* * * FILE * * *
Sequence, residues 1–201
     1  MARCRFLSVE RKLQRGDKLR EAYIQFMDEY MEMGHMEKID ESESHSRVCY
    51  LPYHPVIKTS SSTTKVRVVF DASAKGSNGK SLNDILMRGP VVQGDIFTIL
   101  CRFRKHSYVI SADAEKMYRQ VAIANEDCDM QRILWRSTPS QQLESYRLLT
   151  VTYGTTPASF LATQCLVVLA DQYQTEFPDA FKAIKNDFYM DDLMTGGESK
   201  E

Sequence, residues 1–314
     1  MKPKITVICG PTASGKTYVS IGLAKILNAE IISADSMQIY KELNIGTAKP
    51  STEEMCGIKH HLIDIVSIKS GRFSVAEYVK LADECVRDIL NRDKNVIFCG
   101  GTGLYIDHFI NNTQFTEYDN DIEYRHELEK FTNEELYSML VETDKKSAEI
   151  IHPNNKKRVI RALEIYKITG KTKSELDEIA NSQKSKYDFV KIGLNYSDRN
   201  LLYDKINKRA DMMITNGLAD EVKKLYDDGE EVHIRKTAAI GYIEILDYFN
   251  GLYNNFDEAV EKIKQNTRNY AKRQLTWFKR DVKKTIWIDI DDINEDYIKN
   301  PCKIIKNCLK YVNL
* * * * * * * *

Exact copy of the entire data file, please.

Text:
Sequence, residues 1–201
     1  MARCRFLSVE RKLQRGDKLR EAYIQFMDEY MEMGHMEKID ESESHSRVCY
    51  LPYHPVIKTS SSTTKVRVVF DASAKGSNGK SLNDILMRGP VVQGDIFTIL
   101  CRFRKHSYVI SADAEKMYRQ VAIANEDCDM QRILWRSTPS QQLESYRLLT
   151  VTYGTTPASF LATQCLVVLA DQYQTEFPDA FKAIKNDFYM DDLMTGGESK
   201  E

Sequence, residues 1–314
     1  MKPKITVICG PTASGKTYVS IGLAKILNAE IISADSMQIY KELNIGTAKP
    51  STEEMCGIKH HLIDIVSIKS GRFSVAEYVK LADECVRDIL NRDKNVIFCG
   101  GTGLYIDHFI NNTQFTEYDN DIEYRHELEK FTNEELYSML VETDKKSAEI
   151  IHPNNKKRVI RALEIYKITG KTKSELDEIA NSQKSKYDFV KIGLNYSDRN
   201  LLYDKINKRA DMMITNGLAD EVKKLYDDGE EVHIRKTAAI GYIEILDYFN
   251  GLYNNFDEAV EKIKQNTRNY AKRQLTWFKR DVKKTIWIDI DDINEDYIKN
   301  PCKIIKNCLK YVNL